I grew up in the state of Alabama where college football is as much religion as sport. Some may scoff at that, they may write us off as taking ourselves too seriously. But as with certain other sports teams with extremely loyal and devoted fanbases, there's a reason behind the madness of Crimson Tide football and it's rooted in the state's rough and tumultuous history.
Rick Bragg, Pulitzer Prize
winning professor of writing at the
University of Alabama, describes it this way in an article he wrote shortly after hiring Coach Nick Saban in which he explains the yearning of the Tide fans to see their program return to its place as a national powerhouse:
To find the source
of Alabama's hunger, you have to go back further than the Bear. You have to go
It was hard-nosed
Wallace Wade who took Alabama to its first recognized national championship, in
1925, when his undefeated team beat Washington 20--19 in the Rose Bowl, the
first time a Southern team had ever played in the game. Alabama won more
national titles—and Rose Bowls—under Wade in '26 and '30. His successor, Frank
Thomas took Alabama to Pasadena three more times, won a widely recognized
national title in '34—with Paul Bryant playing end—and a still-debated title in
They were college
boys in suits, but on the trips home from California, across Texas and the
lower South, people stood beside the railroad tracks, waving and cheering. Writers from the North and the West would question if it was
wise to open the nation's premier bowl game quite so often to the
Pennsylvania would make a much better game with the Pacific Coast Conference
representative for the 1946 Rose Bowl than would Alabama and, in addition, such
a game would have that intangible thing called 'class,' something it can never
have with a southern club being one of the participants," wrote Dick Hyland
in the Los Angeles Times. "Me, I'm kinda tired of hillbillies and swamp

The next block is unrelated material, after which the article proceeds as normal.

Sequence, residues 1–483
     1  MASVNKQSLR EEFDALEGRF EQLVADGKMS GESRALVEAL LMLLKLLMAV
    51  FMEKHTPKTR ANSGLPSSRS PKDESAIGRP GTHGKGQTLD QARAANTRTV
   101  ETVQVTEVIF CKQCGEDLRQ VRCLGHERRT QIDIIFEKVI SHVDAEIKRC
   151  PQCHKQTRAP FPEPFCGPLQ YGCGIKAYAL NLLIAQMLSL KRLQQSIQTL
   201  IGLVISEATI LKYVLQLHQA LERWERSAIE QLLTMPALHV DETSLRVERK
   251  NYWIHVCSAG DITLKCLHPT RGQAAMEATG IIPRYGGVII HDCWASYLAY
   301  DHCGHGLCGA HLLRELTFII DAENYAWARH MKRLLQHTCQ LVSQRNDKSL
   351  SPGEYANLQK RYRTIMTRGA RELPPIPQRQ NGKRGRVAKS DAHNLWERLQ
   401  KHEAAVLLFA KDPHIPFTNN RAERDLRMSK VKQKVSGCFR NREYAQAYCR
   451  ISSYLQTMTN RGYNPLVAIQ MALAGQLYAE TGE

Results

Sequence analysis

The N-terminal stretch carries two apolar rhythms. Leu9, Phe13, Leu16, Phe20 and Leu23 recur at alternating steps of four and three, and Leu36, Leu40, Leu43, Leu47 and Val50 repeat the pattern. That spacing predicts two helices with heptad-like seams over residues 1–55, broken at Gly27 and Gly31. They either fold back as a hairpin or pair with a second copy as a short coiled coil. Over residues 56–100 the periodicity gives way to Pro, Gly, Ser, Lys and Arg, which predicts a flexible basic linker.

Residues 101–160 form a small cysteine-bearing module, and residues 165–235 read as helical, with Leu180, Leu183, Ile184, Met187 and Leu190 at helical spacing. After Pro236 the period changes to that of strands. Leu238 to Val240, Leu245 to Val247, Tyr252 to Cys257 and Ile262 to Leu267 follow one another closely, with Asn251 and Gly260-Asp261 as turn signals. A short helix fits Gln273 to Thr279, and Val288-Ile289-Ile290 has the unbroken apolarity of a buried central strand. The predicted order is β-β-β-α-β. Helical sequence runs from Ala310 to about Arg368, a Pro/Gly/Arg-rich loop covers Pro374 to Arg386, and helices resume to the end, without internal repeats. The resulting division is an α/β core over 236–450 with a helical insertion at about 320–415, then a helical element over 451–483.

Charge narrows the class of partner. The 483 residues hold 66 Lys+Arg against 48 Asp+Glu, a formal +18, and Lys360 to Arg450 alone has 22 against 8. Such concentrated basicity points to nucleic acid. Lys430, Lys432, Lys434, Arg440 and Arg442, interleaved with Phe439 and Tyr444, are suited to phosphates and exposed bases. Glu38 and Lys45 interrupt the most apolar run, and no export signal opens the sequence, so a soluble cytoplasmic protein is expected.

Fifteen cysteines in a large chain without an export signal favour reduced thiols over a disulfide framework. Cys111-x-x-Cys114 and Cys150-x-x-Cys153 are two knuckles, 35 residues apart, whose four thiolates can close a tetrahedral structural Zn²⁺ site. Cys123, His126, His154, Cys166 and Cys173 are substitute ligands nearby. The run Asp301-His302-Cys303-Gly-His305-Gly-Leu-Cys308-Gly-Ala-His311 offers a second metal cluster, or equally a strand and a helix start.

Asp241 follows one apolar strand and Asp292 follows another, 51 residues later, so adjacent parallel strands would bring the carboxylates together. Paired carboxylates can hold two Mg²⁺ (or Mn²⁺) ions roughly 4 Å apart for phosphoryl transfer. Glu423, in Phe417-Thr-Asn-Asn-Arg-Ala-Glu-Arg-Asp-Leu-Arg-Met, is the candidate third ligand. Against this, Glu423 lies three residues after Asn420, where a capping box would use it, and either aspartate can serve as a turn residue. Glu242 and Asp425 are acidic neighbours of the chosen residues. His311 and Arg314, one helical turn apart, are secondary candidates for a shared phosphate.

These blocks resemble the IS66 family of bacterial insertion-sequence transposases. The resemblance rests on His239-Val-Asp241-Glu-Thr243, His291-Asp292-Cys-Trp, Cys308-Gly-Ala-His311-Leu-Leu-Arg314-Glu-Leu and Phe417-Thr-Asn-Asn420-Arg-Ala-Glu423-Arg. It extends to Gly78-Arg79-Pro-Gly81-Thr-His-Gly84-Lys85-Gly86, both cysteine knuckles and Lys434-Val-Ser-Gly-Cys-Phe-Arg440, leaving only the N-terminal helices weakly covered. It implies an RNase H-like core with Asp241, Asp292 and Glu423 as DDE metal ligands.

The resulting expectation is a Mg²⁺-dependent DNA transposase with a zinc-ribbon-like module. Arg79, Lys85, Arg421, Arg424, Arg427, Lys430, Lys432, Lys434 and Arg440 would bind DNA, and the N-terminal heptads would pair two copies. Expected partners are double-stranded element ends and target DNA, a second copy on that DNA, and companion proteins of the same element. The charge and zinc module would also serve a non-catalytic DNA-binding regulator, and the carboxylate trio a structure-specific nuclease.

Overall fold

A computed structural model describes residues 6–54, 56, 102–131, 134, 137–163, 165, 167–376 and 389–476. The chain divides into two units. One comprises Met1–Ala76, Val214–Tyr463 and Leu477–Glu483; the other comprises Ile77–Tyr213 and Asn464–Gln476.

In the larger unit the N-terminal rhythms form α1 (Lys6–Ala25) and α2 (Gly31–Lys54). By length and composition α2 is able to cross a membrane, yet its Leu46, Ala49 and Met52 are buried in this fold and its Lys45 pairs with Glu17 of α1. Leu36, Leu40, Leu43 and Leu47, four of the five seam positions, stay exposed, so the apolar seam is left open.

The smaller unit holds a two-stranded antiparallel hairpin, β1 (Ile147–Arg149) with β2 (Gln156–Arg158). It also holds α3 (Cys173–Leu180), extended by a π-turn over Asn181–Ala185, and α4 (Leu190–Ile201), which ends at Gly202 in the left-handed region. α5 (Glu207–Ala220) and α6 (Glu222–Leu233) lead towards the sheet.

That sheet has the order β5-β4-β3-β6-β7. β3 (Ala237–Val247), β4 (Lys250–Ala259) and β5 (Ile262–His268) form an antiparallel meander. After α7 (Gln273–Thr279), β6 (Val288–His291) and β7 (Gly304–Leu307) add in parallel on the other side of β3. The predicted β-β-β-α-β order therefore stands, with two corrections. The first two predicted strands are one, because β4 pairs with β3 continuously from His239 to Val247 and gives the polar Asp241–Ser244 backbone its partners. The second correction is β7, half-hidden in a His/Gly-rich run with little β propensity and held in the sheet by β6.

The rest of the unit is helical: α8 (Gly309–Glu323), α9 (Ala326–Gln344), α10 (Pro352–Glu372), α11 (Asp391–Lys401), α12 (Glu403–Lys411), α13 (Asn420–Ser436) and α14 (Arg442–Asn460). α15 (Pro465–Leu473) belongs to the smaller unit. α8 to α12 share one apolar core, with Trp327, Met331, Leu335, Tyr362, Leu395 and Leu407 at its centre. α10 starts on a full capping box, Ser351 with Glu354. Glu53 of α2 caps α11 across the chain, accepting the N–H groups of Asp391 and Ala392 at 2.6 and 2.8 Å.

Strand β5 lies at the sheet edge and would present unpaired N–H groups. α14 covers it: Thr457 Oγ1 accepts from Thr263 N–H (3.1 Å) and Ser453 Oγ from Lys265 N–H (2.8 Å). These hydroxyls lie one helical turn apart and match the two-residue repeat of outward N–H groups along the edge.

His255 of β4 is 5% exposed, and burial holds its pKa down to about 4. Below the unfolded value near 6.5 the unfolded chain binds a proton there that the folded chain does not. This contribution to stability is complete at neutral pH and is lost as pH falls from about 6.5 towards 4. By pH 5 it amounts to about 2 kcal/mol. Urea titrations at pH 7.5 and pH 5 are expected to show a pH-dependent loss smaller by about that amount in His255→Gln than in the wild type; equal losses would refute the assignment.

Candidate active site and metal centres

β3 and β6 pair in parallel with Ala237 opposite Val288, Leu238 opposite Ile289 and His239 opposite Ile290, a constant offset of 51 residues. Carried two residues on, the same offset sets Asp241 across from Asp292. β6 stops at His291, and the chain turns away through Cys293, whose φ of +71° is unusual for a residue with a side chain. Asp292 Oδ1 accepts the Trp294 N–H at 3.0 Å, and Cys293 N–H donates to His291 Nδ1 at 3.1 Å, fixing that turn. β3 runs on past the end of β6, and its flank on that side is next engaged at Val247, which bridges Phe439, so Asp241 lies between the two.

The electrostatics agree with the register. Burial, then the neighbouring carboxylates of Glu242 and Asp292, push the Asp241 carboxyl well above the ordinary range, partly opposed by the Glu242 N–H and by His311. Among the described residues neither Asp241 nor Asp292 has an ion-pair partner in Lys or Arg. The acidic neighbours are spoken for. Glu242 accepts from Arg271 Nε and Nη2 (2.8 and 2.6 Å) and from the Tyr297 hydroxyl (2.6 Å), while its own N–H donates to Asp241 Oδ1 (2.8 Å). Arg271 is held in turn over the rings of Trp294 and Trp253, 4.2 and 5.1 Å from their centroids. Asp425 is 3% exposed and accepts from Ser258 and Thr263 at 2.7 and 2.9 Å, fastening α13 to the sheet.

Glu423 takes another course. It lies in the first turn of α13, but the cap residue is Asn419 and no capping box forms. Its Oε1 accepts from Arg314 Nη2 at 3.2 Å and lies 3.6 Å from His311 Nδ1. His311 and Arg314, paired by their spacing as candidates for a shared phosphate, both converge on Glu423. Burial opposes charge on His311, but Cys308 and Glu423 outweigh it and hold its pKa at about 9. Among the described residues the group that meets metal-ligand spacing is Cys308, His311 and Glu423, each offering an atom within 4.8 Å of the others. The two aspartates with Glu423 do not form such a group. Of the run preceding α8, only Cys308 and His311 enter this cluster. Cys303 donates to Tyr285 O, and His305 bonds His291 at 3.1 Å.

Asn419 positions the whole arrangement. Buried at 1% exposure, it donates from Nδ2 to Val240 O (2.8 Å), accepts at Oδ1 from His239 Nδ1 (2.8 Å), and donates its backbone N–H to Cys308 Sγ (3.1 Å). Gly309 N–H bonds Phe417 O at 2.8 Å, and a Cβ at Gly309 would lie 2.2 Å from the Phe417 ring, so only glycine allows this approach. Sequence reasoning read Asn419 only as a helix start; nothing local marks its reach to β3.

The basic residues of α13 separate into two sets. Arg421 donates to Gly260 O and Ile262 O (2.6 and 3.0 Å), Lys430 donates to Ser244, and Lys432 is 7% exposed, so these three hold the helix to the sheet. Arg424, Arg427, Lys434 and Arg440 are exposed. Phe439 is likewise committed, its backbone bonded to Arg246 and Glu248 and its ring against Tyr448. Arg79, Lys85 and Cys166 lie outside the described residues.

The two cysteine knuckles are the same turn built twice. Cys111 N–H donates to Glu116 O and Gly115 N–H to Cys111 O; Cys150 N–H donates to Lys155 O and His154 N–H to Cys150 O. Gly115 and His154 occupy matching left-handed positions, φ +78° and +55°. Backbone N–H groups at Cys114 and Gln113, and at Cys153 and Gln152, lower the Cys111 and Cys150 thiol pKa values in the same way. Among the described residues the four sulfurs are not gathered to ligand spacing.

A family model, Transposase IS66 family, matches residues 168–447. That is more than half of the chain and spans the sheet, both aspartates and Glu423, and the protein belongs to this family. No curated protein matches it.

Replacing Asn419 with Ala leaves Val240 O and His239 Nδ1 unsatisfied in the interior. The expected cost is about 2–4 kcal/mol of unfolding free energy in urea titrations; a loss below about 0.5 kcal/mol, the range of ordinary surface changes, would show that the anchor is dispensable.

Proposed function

students in the Rose Bowl."
But from beside
the tracks, people waved and waved. Reconstruction had faded into the
Depression, and not much had changed. "It became our culture," says
Doug Jones, the former U.S. attorney who successfully prosecuted two Klansmen
for the infamous 1963 bombing of the 16th Street Baptist Church in Birmingham.
"We were a poor state, with a great darkness in our history, but we took a
team by train across the nation and played the best and beat the best."
"Hillbillies and swamp students." When I went out to the west coast in 1986 as a freshman college student I encountered some of the same prejudices. Southern women all walked around barefoot and pregnant etc. etc. It got old after a while and by the time summer break came around I went home with a new appreciation for my southern roots and a new pride in the college athletes who represent us.
Coach Bear Bryant
He's a legend and I won't retell his biography here. But I have to include this anecdote from Bragg's article:
At any flea market
in Dixie, you can still find Bryant commemorative plates. At every roadside
bar, church basement rec room or courthouse café, you can hear this joke:
Guy gets into
heaven. Sees an old man in a houndstooth hat walking on water.
asks Saint Peter, "is that Bear Bryant?"
Pete says, "that's God. He just thinks he's Bear Bryant."
Coach Nick Saban
A couple of favorite tidbits I've read about current National Championship coach, Nick Saban:People here
believe Saban is tough and smart and do not care that he can seem impatient, if
not angry, when dealing with the media or hangers-on or just about anybody
else, as if he has more important things to do. Like coaching football. In a
state where some old men still test their truck's electrical system by grabbing
hold of a hot coil wire, football coaches are not supposed to be in touch with
their inner child. Saban won a national championship at LSU in 2003, out of a
conference where every game can feel like a knife fight in a ditch. No one
cares how he did in charm school.
*********************************************"Kickers are a little bit like assassins,"
Saban said. "They got one shot. They got all day that they can prepare
for it. When they get in the window and take the shot, they've got to
make it. I don't think you mess that up right before he's pulling the
trigger. So I don't usually say anything."
*********************************************2009 National Champions